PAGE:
The effects of blocking N/OFQ receptors on orofacial pain following experimental tooth movement in rats


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Australasian Orthodontic Journal

Australian Society of Orthodontists

Subject: Dentistry, Orthodontics & Medicine


ISSN: 2207-7472
eISSN: 2207-7480





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VOLUME 32 , ISSUE 2 (November 2016) > List of articles

The effects of blocking N/OFQ receptors on orofacial pain following experimental tooth movement in rats

Di Shan / Yuwei He / Hu Long / Yang Zhou / He Liu / Rui Xu / Renhuan Huang / Wenli Lai *

Citation Information : Australasian Orthodontic Journal. Volume 32, Issue 2, Pages 206-210, DOI:

License : (CC BY 4.0)

Published Online: 30-July-2021



Objective: The aim of this study was to determine the effects of nociceptin/orphanin FQ peptide receptor (N/OFQ receptor) antagonist on orofacial pain induced by experimental tooth movement in rats.

Methods: A total of 36 male Sprague-Dawley rats weighing 200–300 g were divided into six groups: a control group, force group, force+saline intraperitoneal group, force+saline periodontal group, force+UFP-101 ([Nphe1,Arg14,Lys15]N/OFQ-NH2; antagonist for N/OFQ receptor) intraperitoneal group, and force+UFP-101 periodontal group. Closed coil springs were ligated between the upper incisors and first molar to exert an orthodontic force (40 g) between the teeth. Injectable administration dosages were 30 µl saline or 30 µl saline containing 0.03 mg/kg UFP-101. Following the injections, orofacial pain levels were assessed through directed face grooming (mouth wiping). Statistical analyses were performed in SPSS 17.0 (Statistical Package for the Social Sciences) and p values less than 0.05 were considered as statistically significant.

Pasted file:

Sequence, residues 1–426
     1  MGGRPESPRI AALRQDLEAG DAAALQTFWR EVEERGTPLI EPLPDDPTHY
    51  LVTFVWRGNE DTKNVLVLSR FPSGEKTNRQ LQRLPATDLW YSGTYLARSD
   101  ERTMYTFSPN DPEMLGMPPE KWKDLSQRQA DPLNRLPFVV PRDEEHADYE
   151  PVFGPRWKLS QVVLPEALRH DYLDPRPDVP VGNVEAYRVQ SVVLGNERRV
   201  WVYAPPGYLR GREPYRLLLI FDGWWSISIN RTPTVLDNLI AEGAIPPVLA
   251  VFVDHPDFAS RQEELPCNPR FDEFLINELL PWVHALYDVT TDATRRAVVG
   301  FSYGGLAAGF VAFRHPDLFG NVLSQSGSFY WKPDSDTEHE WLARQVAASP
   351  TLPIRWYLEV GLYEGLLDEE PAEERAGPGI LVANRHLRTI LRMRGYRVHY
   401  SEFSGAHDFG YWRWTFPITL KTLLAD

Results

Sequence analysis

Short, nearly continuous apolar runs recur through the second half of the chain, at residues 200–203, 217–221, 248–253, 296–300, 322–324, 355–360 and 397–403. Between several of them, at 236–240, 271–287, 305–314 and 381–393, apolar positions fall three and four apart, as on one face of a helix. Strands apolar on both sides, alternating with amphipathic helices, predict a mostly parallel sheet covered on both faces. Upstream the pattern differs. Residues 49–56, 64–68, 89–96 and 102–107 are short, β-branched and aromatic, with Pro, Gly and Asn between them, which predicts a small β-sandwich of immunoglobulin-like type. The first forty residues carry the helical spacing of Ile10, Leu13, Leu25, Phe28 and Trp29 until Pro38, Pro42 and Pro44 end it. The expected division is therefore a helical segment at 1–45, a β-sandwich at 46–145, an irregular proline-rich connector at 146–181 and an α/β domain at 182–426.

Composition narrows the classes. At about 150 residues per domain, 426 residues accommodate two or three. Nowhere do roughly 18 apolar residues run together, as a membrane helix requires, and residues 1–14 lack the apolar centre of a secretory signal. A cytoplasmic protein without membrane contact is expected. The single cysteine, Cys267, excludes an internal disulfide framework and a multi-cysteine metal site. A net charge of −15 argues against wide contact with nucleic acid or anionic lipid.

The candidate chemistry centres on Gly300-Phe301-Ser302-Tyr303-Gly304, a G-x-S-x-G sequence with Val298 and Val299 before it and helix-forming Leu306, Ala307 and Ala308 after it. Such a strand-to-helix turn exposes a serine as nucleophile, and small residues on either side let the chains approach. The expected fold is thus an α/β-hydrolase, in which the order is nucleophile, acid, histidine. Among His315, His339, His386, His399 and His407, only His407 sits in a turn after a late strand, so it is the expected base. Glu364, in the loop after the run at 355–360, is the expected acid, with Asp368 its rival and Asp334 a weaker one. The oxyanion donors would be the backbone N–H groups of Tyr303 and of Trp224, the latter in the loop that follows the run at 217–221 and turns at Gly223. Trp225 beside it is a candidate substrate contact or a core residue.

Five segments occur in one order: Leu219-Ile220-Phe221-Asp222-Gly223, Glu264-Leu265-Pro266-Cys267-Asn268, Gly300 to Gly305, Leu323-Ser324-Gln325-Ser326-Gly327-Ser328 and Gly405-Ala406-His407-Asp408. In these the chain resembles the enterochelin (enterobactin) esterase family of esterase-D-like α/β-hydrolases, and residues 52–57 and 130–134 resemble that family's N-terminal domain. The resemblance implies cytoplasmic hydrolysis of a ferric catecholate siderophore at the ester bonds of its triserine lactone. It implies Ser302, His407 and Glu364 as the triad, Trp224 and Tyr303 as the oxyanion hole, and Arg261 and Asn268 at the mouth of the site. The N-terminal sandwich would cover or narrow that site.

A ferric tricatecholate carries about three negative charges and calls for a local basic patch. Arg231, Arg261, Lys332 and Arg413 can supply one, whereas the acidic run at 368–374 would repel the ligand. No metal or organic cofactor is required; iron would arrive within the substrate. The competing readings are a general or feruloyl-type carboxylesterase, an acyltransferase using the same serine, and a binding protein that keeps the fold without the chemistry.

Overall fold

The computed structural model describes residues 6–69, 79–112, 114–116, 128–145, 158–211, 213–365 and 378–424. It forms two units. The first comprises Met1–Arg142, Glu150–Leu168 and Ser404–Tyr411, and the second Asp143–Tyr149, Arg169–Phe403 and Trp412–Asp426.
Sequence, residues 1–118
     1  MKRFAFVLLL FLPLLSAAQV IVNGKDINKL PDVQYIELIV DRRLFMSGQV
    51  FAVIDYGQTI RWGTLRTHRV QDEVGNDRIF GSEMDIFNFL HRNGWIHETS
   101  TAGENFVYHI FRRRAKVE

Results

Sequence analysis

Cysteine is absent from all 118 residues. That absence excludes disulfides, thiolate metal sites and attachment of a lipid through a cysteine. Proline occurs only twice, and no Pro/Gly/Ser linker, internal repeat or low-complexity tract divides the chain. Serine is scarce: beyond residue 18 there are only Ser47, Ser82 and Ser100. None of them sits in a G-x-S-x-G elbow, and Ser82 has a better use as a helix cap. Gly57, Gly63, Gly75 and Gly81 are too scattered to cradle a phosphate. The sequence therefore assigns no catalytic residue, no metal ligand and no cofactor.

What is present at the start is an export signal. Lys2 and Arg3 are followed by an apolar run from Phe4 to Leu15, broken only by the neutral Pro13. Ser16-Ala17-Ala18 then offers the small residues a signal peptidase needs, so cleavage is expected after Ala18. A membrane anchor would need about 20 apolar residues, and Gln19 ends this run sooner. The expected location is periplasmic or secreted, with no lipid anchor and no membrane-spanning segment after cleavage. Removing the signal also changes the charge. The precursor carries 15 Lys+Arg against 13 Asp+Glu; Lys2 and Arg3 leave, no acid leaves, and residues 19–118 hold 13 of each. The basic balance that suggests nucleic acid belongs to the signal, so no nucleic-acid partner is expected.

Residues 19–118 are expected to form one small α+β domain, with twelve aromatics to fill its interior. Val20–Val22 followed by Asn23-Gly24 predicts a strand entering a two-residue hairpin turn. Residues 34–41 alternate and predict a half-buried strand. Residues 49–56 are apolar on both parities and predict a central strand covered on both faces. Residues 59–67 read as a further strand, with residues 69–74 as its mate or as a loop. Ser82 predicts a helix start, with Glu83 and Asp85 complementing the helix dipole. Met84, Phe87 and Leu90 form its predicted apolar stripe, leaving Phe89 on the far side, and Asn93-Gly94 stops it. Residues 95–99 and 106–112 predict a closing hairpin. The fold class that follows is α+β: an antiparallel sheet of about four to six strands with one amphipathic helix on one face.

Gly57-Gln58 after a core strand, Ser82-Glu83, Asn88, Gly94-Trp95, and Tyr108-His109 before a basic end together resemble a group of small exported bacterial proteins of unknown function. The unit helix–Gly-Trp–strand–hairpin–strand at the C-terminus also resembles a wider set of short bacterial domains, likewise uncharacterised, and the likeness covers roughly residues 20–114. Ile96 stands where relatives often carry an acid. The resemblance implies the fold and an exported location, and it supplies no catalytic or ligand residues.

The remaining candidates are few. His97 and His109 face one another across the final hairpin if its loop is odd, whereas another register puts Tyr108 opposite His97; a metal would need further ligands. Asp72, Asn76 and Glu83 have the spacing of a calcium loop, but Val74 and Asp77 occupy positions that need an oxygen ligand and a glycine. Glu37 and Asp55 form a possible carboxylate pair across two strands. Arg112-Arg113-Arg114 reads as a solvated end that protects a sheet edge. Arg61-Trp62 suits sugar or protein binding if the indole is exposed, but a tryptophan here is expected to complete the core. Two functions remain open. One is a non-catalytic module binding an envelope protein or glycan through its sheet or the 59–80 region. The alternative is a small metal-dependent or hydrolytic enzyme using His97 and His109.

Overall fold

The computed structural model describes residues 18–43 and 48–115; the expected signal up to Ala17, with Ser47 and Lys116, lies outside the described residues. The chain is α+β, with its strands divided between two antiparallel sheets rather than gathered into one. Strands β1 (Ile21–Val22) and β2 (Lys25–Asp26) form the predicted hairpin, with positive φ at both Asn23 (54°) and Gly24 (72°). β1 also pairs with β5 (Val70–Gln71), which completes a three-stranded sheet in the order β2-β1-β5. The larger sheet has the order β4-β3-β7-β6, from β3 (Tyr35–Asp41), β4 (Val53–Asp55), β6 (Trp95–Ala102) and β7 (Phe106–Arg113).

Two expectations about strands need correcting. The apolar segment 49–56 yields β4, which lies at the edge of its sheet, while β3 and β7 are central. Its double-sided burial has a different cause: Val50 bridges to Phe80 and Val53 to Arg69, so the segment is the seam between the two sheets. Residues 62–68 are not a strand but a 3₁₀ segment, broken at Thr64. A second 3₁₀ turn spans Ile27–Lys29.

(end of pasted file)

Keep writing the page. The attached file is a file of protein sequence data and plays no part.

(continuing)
Results: Orofacial pain levels were significantly higher in the force group than in the control group. Orofacial pain levels differed significantly between the force group, force+saline periodontal group and force+UFP-101 periodontal group, but were similar between the control group, force+UFP-101 intraperitoneal group and force+saline intraperitoneal group. Moreover, orofacial pain levels did not differ between the force group, force+saline intraperitoneal group and force+UFP-101 intraperitoneal group.

Conclusions: Periodontal, but not intraperitoneal, administration of UFP-101 could alleviate orofacial pain induced by experimental tooth movement in rats, suggesting that periodontal N/OFQ receptors participate in orofacial pain induced by experimental tooth movement.

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